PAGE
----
Invisible Homelessness

Welcome to Mamas for Mamas Invisible Homelessness campaign. This transformative initiative is dedicated to addressing homelessness among caregivers and their children, tackling both relative and absolute homelessness. Relative homelessness refers to those living in inadequate housing conditions, while absolute homelessness involves individuals lacking any form of shelter.

Homelessness is more than just a lack of shelter—it’s an obstacle to health, stability, and opportunities. Our campaign is committed to creating sustainable solutions that provide not only housing but also the necessary support systems to help families thrive. By focusing on advocacy, community engagement, and strategic partnerships, we aim to build a future where every caregiver and child has a safe and stable place to call home.

Join us on this journey to make a lasting impact and help us create a brighter tomorrow for families everywhere.

Absolute Homelessness

This term refers to individuals and families who live without any physical shelter or permanent residence. It includes those who are sleeping rough on the streets, staying in emergency shelters, or residing in places not meant for human habitation, such as abandoned buildings, vehicles, or encampments. Absolute homelessness is the most visible and extreme form of homelessness, characterized by a complete lack of stable housing.

Relative Homelessness

Relative homelessness refers to individuals and families whose current living conditions do not meet basic health and safety standards. This might include situations where people are living in overcrowded accommodation, dwellings that are in poor condition, or temporary settings such as couch surfing with friends or family due to lack of other options. Although they have some form of shelter, their living situation is precarious and lacks permanency, security, and stability.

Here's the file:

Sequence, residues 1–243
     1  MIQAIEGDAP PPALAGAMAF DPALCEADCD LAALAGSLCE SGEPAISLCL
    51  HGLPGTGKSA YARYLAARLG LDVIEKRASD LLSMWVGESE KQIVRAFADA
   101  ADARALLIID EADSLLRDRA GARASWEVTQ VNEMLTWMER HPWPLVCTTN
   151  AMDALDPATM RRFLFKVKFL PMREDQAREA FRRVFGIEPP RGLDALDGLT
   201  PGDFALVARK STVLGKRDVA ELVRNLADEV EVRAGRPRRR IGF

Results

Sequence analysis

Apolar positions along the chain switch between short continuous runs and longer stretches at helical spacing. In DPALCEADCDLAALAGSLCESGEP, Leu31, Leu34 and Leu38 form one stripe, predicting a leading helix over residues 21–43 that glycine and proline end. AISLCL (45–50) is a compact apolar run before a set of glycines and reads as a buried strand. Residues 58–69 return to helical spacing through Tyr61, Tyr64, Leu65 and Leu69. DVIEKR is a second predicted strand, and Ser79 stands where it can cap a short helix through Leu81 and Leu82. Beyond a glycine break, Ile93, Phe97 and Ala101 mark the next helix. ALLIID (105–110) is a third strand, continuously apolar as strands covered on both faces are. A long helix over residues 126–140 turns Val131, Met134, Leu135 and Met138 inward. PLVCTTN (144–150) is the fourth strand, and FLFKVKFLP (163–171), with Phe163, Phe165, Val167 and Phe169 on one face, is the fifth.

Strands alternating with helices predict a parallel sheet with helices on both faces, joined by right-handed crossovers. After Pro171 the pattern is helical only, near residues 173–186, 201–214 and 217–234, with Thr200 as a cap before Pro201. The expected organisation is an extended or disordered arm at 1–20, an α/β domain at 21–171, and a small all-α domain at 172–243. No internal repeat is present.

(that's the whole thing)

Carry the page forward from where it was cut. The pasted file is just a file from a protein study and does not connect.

Since 2014 Mamas for Mamas has helped house and prevent homelessness for

~117,000 families

To understand how a mom with a newborn and a toddler can end up living in their car in a place like Canada in 2024, we must first understand how we see poverty and the lines that define it.
 
Our current system doesn’t reflect the cost of living per capita when determining these poverty cut-off lines, therefore leaving thousands of Mamas in the Okanagan at a disadvantage due to their perceived adequate income as compared to a national average. This is compounded by pervasive misunderstandings of accessibility, affordability and eligibility for subsidised/low-income housing.
 
The income line is too low for most to be eligible, and when they are eligible the waitlists can span years. As we know, the interim options available for $1000 a month are akin to relative homelessness.

“Today I call upon all of you, every global citizen, not to forget. We must seize this opportunity to demonstrate
that we share a common humanity and that it matters who my sister or brother is. We must never reduce the issue to statistics.”

-Nelson Mandela.